Welcome back to the HVT Blog where we have been looking at the Siu Nim Tau form.
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Sibak Gung Cliff Au Yeung has said to me many times that in the Wong Shun Leung system it is common that the movement has no name at all, but when Master Wong went overseas to teach they needed a Western name to identify each technique. It is probably wise that you should dedicate less time to understanding the names of each action and more about the explanation of the movements and what they are used for.
It is worth noting here that it would seem that there are two groups of Wing Chun people, those who focus on the movement of the hands to give them the name of the technique and those who focus on the elbow movement for the name although they may be exactly the same technique.
Gum sau or Pressing Hand is a good example. So if you instead focus on the elbow it becomes Dung Sau.
Gum Sau/Dung Sau
So here is how we practice this action. For the first Gum sau you turn the left hand over and press the downwards keeping it close to body on the same line as the shoulder. This very simple action teaches us not to hold the force in the elbow but release it fully. So beginners may see this as a hand action but it is really all down to the expansion of the elbow. This allows us to use our shoulder to drive into our opponent of our elbow has been taken off the centreline. The emphasis on the Dung Sau allows us to release the force and project it forwards through the shoulder and not hold it in the body. This is then repeated on the right.
We then move the hands round and up, being pulled by the elbows. Hands are close together. Then sit as you drive the palm strikes diagonally down and backwards ending with the hands further apart. You should also sit to counter act the outward force. You can test this against a wall, if you don’t sit you will propel yourself forwards. This action of moving the elbows round the body to hit/grab groin can be used to create space if you cannot shrug off a bear hug.
Front Gum Sau in application is with one arm and a shift of stance as in the Chum Kiu form. Make sure that the fingers are pointing slightly upwards to emphasise the palm using the correct position given in Siu Nim Tau.
The front and side Gum sau can also be used in contact to disrupt someone who attempts to kick or raise a knee. More on this when we discuss Chi Sau.
Saat Geng Sau/Faak Sau
To set up this next movement, cross the arms making sure that the elbows are lower than the shoulder, then drop the elbow back to the waist position and at the same time bend the wrists outwards, arms parallel to the shoulders. Beginners should work this very slowly at first because you need to understand that the elbow is gaining back the centreline to find the line of attack. You must sit the waist as the elbow draws down which will gain force ready to be driven forwards.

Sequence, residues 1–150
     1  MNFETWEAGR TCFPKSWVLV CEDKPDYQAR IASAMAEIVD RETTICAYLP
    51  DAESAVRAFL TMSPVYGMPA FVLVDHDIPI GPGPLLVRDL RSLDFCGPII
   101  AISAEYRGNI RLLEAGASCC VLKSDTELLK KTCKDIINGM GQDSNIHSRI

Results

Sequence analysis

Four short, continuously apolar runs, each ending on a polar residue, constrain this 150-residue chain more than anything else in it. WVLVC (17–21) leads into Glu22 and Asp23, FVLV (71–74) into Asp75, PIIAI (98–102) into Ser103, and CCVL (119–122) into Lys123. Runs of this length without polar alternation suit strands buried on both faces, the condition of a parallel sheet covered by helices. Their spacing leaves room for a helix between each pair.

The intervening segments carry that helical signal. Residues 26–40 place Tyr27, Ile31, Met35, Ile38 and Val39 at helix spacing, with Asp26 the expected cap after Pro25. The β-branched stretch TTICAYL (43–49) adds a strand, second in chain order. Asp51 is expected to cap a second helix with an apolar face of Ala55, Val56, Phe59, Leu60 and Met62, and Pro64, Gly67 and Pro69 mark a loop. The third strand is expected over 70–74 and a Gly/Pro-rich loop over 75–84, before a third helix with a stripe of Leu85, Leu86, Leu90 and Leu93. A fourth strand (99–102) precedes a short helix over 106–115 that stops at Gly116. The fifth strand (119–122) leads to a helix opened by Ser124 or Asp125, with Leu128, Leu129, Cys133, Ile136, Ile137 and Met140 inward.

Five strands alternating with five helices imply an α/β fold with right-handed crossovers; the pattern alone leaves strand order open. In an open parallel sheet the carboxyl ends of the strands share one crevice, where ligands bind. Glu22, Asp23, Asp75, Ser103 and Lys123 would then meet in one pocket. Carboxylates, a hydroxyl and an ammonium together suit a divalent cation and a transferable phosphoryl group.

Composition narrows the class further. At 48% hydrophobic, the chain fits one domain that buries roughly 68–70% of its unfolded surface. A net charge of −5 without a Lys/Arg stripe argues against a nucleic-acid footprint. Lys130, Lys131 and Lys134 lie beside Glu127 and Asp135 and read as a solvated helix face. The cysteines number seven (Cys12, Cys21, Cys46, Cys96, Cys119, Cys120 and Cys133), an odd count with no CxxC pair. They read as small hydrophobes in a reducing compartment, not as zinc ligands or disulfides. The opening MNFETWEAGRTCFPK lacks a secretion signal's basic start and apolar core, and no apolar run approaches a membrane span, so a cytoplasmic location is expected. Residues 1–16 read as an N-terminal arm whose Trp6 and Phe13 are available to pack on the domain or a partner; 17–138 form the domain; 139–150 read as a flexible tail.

As the arms outstretch we use the same wrist action as in a punch, so the fingers travel straight along the shoulder line until the wrist bends and the elbow joints expand. Beginners can do this in two actions but of course it should end up being one when you understand the concept.
Here is a short video of myself (not keen on being on video, but it’s a start) and my students testing the correct body force during Saat Geng Sau incorrectly at first, then with correct structure. Note that when doing Saat Geng Sau in the Siu Nim Tau form, the single weight should be on one side only, as in application someone will only be attacking one side, very seldom would both elbows be trapped. I also show the increase in power using the wrist action.
After bringing the arms back to their crossed position, we move the left hand back and underneath as the elbows drop and the elbows (hands) expand forwards, snapping at the wrist as before. Again this can be practised using a similar Body Force exercise
The Jum sau is revisited in the Chum Kiu form where it is used for intercepting from an out of contact position. The positioning of the Jum sau comes into the line that runs from your eye down into your hip. Of course we would only use one side in application but by doing actions with both sides gives us a basic but crucial idea in that you can use one hand/arm to protect against two.
We then see a short version of the Taan sau which is used as a simple deflection.
Jut Sau/Biu Sau
The Jut sau starts with the elbows out on the same line as when using Wu Sau and the hands parallel to the ground. You pull the hands back to make contact or stick. Then you sit the waist using your Body Force. The wrist does pull back a small amount but the waist is the main focus. Of course in application we would Chor Ma as well.
To see the power of this action, watch this video of my Sibak Gung Cliff using the Jut Sau against my student Dom.
Lastly we finish with two covering actions which we call Kum Sau which simply teach that if your hands are extended it is more direct to cover straight down or straight up without bringing the hands back to strike.
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